Speaker Bio:

Ben Leshchinsky is an associate professor in geotechnical engineering at Oregon State University. The primary focus of Bens research is on basic and applied geomechanics, soil reinforcement, slope stability, and in recent years, use of remote sensing technologies applied towards assessment of natural hazards. Ben received his BS from the University of Delaware in 2007, and his MS and PhD from Columbia University in 2008 and 2012, respectively. Ben is a registered professional engineer in Oregon, an editorial board member of both the ASCE Journal of Geotechnical and Geoenvironmental Engineering and Geotextiles and Geomembranes. He is the recipient of 2018 International Geosynthetics Society Young Member Achievement Award, the 2016 International Landslide Symposium Young Paper Award, among other awards for research and teaching.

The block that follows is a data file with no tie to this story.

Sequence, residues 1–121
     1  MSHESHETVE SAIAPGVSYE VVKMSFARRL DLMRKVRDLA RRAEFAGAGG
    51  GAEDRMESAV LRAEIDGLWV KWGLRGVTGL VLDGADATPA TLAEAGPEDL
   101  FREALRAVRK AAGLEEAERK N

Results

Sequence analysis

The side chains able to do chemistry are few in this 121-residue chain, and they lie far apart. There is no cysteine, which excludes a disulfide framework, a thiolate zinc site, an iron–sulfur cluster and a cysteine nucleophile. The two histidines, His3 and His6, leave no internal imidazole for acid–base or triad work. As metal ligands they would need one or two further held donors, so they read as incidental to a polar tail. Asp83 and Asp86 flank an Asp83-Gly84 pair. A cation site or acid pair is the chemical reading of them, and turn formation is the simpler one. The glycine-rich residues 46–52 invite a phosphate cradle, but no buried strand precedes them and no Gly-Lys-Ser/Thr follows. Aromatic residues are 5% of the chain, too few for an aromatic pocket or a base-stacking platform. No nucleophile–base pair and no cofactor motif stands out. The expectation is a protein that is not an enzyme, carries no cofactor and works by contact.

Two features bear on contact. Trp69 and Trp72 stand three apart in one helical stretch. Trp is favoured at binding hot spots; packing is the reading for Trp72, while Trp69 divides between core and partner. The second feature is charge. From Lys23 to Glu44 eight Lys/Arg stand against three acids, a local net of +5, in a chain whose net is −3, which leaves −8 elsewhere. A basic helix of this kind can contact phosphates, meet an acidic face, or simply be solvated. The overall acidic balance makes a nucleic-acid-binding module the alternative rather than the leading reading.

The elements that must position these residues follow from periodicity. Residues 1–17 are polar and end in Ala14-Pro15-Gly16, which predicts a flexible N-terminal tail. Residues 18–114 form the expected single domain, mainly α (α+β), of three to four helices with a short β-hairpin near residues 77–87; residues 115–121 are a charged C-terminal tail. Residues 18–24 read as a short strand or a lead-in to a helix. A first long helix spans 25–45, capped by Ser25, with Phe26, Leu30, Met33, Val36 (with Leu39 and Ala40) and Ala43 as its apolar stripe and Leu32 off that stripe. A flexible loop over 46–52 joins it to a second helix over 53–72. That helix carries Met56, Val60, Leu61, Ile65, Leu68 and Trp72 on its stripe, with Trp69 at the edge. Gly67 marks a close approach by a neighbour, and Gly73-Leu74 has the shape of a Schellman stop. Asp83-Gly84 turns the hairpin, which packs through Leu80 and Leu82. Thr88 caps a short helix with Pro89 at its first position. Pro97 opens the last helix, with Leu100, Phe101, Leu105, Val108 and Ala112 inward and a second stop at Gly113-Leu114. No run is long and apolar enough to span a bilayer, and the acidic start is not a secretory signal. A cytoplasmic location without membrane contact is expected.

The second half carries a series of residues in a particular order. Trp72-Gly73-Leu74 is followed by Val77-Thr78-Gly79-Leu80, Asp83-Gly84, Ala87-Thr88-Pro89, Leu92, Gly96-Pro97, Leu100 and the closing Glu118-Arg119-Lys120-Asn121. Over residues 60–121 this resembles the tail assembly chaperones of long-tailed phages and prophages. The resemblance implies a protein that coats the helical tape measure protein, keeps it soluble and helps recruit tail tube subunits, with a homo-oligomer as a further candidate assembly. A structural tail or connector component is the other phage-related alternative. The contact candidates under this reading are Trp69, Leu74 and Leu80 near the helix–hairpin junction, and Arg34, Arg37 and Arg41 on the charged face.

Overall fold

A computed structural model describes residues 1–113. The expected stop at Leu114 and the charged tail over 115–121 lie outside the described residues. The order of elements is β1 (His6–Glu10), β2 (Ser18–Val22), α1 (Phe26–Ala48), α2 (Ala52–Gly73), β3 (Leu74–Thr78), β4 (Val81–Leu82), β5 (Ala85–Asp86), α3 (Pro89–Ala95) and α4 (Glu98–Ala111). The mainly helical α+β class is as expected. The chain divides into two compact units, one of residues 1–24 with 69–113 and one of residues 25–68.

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Oct
18
5:30 PM17:30

October AEG Dinner Meeting

Topic: Surface Fault Rupture Hazards: Engineering and Community Response

Speaker: Dr. Alan Hull, Senior Practice Leader at Golder Associates, Portland OR

5:30 PM - Social Hour
6:30 PM - Dinner
7:30 PM - Presentation

Please RSVP by 4PM on Thursday, October 11, 2018: https://www.brownpapertickets.com/event/3631416

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Sep
20
5:30 PM17:30

September AEG-AWG Joint Dinner Meeting

Topic: Masters in Earth & Space Sciences, Applied Geosciences (MESSAGe) Graduate Program at the University of Washington

Speaker: Dr. Juliet Crider, University of Washington - Earth and Space Sciences Department

5:30 PM - Social Hour
6:30 PM - Dinner
7:30 PM - Presentation

Please RSVP by noon on Sep 17, 2018: https://www.brownpapertickets.com/event/3606211